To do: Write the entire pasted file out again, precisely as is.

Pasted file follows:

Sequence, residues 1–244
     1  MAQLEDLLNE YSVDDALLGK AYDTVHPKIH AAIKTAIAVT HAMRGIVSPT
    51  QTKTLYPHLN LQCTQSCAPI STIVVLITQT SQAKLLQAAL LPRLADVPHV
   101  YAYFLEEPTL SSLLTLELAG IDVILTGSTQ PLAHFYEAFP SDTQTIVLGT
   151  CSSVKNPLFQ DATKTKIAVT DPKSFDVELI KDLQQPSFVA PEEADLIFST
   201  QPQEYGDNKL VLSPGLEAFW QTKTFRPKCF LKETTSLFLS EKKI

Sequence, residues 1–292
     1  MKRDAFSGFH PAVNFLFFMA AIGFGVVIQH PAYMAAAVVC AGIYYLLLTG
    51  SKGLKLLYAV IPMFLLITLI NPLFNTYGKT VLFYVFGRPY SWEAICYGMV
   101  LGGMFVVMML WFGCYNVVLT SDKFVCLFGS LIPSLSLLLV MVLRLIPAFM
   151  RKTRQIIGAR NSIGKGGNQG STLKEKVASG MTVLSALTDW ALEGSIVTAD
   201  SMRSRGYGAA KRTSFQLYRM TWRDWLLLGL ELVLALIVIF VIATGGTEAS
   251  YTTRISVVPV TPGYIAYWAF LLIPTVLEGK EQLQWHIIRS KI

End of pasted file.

Sequence, residues 1–244
     1  MAQLEDLLNE YSVDDALLGK AYDTVHPKIH AAIKTAIAVT HAMRGIVSPT
    51  QTKTLYPHLN LQCTQSCAPI STIVVLITQT SQAKLLQAAL LPRLADVPHV
   101  YAYFLEEPTL SSLLTLELAG IDVILTGSTQ PLAHFYEAFP SDTQTIVLGT
   151  CSSVKNPLFQ DATKTKIAVT DPKSFDVELI KDLQQPSFVA PEEADLIFST
   201  QPQEYGDNKL VLSPGLEAFW QTKTFRPKCF LKETTSLFLS EKKI

Sequence, residues 1–292
     1  MKRDAFSGFH PAVNFLFFMA AIGFGVVIQH PAYMAAAVVC AGIYYLLLTG
    51  SKGLKLLYAV IPMFLLITLI NPLFNTYGKT VLFYVFGRPY SWEAICYGMV
   101  LGGMFVVMML WFGCYNVVLT SDKFVCLFGS LIPSLSLLLV MVLRLIPAFM
   151  RKTRQIIGAR NSIGKGGNQG STLKEKVASG MTVLSALTDW ALEGSIVTAD
   201  SMRSRGYGAA KRTSFQLYRM TWRDWLLLGL ELVLALIVIF VIATGGTEAS
   251  YTTRISVVPV TPGYIAYWAF LLIPTVLEGK EQLQWHIIRS KI